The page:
24 January 2024

| | 2 min read

Fly-tipper ordered to carry out unpaid work after dumping waste

A fly-tipper who ran an illegal waste disposal service has been ordered to carry out unpaid community work.

Waste dumped on Riverside Way in Lemington.
Waste dumped on Riverside Way in Lemington.

Ian Wilkinson claimed to operate a legitimate business and was paid by customers on multiple occasions to collect and dispose of their rubbish.

However, instead of disposing of the waste responsibly, the 31-year-old dumped it on streets and green spaces across Newcastle.

In July last year, a toilet, bath, sink and flooring was among the waste left by Wilkinson on Strathmore Crescent in North Benwell.

The following month, sofas, wood, broken cabinets and cardboard boxes were dumped on Riverside Way in Lemington.

A further pile of waste, including a bathtub, sink, a large amount of wood, laminate flooring and tiles, was then discovered by the entrance to a field off North Walbottle Road in the Chapel House area of the city.

Following an investigation by Newcastle City Council’s environmental protection team, the piles of rubbish were traced back to Wilkinson.

On August 21, Wilkinson was stopped by police while driving a white Ford Transit van in Ponteland and the vehicle was seized on behalf of the council.

Wilkinson, of Cragston Avenue, Blakelaw, pleaded guilty to three counts of depositing waste on land without an environmental permit and one count of transporting waste without being a registered waste carrier.

Appearing at Newcastle Magistrates’ Court on January 18, Wilkinson was handed a 12-month community order, which required him to carry out 150 hours of unpaid work.

He was also ordered to pay a victim surcharge of £114 and prosecution and compensation costs of £981.11.

The community order will run alongside another order for obstructing police and driving while disqualified. Wilkinson gave a false name when the police seized the van used for fly-tipping.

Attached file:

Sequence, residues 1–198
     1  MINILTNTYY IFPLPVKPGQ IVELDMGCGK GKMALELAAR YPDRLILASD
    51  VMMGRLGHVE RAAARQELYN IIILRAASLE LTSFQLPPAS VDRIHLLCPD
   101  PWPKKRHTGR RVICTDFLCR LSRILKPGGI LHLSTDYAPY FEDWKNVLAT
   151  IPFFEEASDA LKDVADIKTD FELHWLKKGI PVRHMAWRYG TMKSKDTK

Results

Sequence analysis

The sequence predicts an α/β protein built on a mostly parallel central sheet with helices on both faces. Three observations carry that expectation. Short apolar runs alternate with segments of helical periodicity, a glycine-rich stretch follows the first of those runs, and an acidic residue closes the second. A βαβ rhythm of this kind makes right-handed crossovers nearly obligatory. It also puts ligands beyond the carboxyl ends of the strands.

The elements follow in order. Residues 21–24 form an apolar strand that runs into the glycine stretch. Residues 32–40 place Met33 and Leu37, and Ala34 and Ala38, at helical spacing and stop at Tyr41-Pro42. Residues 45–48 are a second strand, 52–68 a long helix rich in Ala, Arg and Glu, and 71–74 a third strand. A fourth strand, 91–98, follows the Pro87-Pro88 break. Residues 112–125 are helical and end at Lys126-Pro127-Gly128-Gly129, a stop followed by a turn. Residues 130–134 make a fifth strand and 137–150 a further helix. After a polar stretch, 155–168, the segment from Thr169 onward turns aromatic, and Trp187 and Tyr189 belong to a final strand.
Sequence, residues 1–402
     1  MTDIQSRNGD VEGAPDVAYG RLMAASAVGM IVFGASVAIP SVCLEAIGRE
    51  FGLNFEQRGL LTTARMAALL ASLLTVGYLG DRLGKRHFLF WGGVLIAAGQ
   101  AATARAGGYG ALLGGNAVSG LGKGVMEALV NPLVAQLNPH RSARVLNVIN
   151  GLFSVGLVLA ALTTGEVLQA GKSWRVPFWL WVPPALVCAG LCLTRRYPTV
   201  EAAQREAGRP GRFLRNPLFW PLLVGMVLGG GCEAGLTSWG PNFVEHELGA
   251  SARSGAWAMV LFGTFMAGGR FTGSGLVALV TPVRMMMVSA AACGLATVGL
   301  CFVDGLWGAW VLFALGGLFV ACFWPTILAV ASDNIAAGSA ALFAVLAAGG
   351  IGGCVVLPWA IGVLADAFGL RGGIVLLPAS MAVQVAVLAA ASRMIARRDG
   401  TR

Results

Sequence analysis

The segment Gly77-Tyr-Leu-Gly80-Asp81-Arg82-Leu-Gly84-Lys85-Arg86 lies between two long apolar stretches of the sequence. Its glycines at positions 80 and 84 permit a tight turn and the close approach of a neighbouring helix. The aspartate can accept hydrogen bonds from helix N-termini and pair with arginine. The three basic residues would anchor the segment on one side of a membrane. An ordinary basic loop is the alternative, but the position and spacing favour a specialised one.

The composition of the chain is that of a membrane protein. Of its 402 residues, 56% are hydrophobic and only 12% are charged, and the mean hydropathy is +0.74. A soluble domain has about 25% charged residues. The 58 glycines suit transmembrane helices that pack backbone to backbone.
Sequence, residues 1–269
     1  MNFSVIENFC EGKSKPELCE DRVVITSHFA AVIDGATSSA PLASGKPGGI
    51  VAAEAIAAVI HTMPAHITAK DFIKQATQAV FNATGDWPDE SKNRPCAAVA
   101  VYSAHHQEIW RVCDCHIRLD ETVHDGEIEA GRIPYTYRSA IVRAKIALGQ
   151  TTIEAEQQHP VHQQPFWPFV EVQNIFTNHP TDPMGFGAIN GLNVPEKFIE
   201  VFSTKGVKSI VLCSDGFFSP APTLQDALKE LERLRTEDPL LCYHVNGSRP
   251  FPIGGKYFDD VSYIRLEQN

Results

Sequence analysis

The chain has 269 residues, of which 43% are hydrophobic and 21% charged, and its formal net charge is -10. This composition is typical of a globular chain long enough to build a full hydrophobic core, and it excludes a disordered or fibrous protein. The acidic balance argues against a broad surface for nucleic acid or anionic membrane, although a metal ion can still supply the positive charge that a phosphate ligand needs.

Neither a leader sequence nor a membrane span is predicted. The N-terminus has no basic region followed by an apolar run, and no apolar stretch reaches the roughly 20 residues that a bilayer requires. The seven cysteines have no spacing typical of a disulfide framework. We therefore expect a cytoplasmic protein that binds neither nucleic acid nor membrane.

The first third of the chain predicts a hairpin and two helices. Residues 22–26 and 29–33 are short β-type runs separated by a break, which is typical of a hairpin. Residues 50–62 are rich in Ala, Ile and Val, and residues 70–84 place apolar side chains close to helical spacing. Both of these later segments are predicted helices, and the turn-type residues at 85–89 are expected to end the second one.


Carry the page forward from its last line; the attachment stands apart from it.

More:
Cllr Irim Ali, Cabinet member for a Dynamic City at Newcastle City Council, said: “Fly-tipping is a deeply selfish act that blights our beautiful communities and can cost the taxpayer money.

“Nobody deserves to have waste and filth strewn across their streets and green spaces, simply because one individual thought they could make a quick profit.

“I am pleased with the court's decision and I hope this acts as a deterrent to others.

“I would also like to remind residents that if they are looking to get rid of their waste, please always make sure that the person offering to take it is legitimate and is registered with the Environment Agency.”

To find registered waste carriers, visit https://environment.data.gov.uk/public-register/view/index.

To report a fly-tipping incident, call the Council on 0191 278 7878 and ask for environmental health or email psr@newcastle.gov.uk.

  • National statistics on fly-tipping published this week for 2022/23, identified that more than half of the prosecutions taken in the North East for fly-tipping were taken by Newcastle City Council. All of the prison sentences secured and half the community orders, resulted from these cases. One third of the prison sentences nationally resulted from Newcastle prosecutions.